The car only gets them so far and they wind up at a roadside bar where they have to perform (Miles is an accomplished guitar player) to be allowed to stay (the group scheduled to perform didn’t show up) and they’re a big hit. Suggs catches up with them, but loses them again when Alvin hides in a tough guy’s black beard and causes Suggs to start a brawl. Miles and the boys hop a cab out of town, but the money runs out and the cab driver drops them by the side of the road in Louisiana. They raise enough money doing street performances to afford a bus ride to New Orleans, where their singing attracts a Mardi Gras-like crowd and the television crew.

Dave sees them on television and he and Samantha fly to New Orleans to retrieve them. Samantha and Miles fly back to Miami but Dave has to drive Alvin, Simon and Theodore because Suggs has put them all on the “no fly” list. In Miami, the truth comes out. The ring isn’t for Samantha. Dave was holding it for his friend Barry (Steeples) to give to his girlfriend and the chipmunks almost cause that not to happen.

To try and get back into Dave’s good graces Alvin calls on the Chipettes – Brittany (Applegate), Eleanor (Cuoco), and Jeanette (Faris) – who are busy judging on “American Idol” to help them with a new song. Ashley Grey assists further by announcing them onstage and all works out. Miles even gets a date with Ashley.

On the way home, Dave stops at a courthouse and gives the boys a scare – considering what they’ve just been through – and adopts the three. Everyone’s teary-eyed until they arrive home and see the house torn up by the three squirrels Alvin drugged and dressed in their clothes so that Mrs. Price (Coolidge) wouldn’t know they were gone. Traditionally, the movie ends with Dave screaming, “Alvinnnn!”

Aside from the song lyrics, this is a fun (and funny) movie. The children in the audience enjoyed it even though they didn’t get all the jokes. The remarkable part is the animation, which was flawless. The chipmunks all interacted with the live actors as if they were really there and their dance moves were perfectly synced with the music. For those who hate musicals, don’t see this movie. The last song, “Home” is easily the best piece of music in the film, although I enjoyed their cover of The Dixie Cups’ “Iko Iko” while they were raising bus money. I still love the chipmunks, Ross. Just make the words clearer.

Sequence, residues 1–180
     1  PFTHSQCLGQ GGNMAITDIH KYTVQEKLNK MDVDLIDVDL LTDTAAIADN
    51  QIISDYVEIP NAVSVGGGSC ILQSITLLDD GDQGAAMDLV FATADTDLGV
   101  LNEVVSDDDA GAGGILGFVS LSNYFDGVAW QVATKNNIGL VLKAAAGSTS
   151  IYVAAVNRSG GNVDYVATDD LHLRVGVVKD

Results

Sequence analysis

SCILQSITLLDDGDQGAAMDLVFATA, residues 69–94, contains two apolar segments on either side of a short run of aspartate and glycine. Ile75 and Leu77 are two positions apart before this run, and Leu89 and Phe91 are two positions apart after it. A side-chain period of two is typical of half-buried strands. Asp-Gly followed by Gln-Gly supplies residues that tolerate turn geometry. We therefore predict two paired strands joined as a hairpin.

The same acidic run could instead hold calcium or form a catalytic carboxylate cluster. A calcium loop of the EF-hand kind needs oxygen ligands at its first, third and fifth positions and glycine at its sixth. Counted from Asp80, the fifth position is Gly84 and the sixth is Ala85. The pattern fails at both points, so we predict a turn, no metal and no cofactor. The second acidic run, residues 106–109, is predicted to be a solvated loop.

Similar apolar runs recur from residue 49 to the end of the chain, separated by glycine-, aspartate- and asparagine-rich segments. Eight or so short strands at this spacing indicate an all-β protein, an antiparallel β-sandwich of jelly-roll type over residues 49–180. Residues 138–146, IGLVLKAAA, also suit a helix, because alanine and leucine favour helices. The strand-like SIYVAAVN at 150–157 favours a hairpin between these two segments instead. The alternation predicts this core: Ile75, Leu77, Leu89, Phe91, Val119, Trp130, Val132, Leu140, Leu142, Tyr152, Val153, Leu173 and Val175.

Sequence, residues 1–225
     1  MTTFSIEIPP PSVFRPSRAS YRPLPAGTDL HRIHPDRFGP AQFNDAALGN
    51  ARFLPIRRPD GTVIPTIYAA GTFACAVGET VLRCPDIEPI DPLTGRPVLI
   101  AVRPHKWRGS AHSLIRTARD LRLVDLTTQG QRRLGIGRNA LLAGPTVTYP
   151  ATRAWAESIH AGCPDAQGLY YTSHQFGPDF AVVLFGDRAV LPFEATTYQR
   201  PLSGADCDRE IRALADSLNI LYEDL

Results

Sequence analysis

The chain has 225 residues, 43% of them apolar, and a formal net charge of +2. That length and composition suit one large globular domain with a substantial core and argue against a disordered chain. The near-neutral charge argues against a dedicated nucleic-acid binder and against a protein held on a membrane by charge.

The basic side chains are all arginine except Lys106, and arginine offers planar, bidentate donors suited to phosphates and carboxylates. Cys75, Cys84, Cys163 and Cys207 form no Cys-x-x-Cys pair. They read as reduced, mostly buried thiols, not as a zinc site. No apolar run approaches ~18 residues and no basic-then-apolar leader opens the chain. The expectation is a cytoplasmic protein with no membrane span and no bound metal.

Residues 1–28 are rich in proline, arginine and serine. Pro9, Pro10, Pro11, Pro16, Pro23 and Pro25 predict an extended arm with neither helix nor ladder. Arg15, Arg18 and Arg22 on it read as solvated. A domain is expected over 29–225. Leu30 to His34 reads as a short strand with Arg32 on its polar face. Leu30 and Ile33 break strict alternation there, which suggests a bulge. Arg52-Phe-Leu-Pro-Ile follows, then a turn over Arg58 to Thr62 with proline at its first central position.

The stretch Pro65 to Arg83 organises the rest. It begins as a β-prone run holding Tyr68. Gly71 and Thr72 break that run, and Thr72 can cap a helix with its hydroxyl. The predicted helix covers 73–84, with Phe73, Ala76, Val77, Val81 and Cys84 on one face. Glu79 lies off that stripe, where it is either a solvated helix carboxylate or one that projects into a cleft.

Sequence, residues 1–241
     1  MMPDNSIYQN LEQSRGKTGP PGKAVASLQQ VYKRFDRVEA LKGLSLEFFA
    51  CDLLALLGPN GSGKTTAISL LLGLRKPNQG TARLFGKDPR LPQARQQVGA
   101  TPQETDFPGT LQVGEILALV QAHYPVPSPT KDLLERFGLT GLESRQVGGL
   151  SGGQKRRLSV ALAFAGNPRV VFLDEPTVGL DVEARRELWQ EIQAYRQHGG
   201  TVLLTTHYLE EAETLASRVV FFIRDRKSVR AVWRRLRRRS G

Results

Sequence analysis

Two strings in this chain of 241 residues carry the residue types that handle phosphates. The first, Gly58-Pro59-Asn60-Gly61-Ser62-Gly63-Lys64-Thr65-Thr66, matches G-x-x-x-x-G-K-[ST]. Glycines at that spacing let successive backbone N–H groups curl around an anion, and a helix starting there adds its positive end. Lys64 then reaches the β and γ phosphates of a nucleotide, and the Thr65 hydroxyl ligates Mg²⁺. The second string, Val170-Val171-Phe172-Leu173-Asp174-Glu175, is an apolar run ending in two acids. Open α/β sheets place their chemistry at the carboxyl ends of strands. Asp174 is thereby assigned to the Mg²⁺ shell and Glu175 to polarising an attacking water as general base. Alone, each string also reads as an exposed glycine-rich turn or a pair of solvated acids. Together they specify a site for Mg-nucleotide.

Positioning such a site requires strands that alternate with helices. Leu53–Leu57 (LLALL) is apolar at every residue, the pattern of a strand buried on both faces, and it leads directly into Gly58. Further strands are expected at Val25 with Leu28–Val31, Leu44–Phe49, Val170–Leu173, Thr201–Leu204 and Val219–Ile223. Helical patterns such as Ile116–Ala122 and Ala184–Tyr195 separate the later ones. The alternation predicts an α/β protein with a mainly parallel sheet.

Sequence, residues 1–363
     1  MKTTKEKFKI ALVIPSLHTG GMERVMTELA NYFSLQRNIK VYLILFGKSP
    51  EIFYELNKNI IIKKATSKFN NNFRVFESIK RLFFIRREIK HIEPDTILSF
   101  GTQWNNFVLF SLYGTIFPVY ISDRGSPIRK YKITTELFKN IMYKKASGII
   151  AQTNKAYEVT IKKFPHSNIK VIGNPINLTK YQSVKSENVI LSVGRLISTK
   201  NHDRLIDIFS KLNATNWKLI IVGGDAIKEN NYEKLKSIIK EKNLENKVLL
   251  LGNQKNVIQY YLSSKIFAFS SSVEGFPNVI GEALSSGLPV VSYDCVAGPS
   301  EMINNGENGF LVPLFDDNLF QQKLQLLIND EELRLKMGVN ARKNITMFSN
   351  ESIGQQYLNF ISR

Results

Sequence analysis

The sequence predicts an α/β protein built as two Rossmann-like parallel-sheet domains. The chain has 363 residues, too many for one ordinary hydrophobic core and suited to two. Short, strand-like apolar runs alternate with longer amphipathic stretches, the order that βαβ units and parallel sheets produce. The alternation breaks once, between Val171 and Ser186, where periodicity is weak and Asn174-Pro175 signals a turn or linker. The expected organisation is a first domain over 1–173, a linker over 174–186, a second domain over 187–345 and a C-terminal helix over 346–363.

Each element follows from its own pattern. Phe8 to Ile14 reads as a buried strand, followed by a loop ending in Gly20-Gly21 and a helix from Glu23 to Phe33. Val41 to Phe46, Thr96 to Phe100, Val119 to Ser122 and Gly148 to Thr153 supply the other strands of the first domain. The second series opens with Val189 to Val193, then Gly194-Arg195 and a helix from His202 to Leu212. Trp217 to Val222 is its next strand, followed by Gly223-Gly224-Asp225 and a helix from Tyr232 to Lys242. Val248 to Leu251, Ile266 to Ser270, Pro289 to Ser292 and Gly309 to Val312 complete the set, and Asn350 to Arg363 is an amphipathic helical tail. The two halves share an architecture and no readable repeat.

Rating: 3½ out of 5 Martini glasses.

Rangoli Exquisite Indian Cuisine
1393A Second Ave. (between 72nd and 73rd Streets)New York

I’m a native New Yorker (hey, I could sing that song at karaoke night) and I’m pretty much up on what’s happening in The City (that’s what we in Queens call Manhattan). But there’s one thing that has not been in the news for a long time, the construction of the Second Avenue Subway. I had actually forgotten about it until I arrived at Rangoli after a leisurely stroll uptown. I was on the east side of Second Avenue because I decided to drop into a CVS drug store to shop and the masked cyclone fencing at the curb prevented me from seeing the restaurant on the other side of the street. When I crossed Second Avenue at 73rd Street the same claustrophobic fencing was on the other side and limited my photo opportunity of the exterior. Oh! That’s right. There’s a big hole in the middle.

Basically, Rangoli is a storefront restaurant with the name in brightly lit orangey-red letters over the front window. They close from 2:00 to 5:00 pm for dinner and I made sure I arrived exactly at five. Inside, there is a bar on the right, and on the left, tables bathed in light from stained glass swags. The cream colored walls are tastefully paneled in walnut and hung with prints from Indian folklore. The two gentlemen running the restaurant greeted me and one led me to a table just past the bar from where I had a good view of everything. A small vase of red carnations and a stained glass votive candle were on the immaculately white tablecloth.

The one gentleman became my server (forgive me, I didn’t get his name). He poured me a glass of tap water and presented me with the food menu and the single-card wine list. I ordered the 2012 Seven Daughters Pinot Noir, California, because I’ve tried their varietals and found them reliable. I was mildly surprised when he brought the wine and it was a screw-top bottle. I told him of previous bottles of Seven Daughters’ wines when they had multi-colored corks. Still, the pinot noir was remarkable and was a nice medium bodied red. Indian food has enough flavor of its own without having to compete with a wine.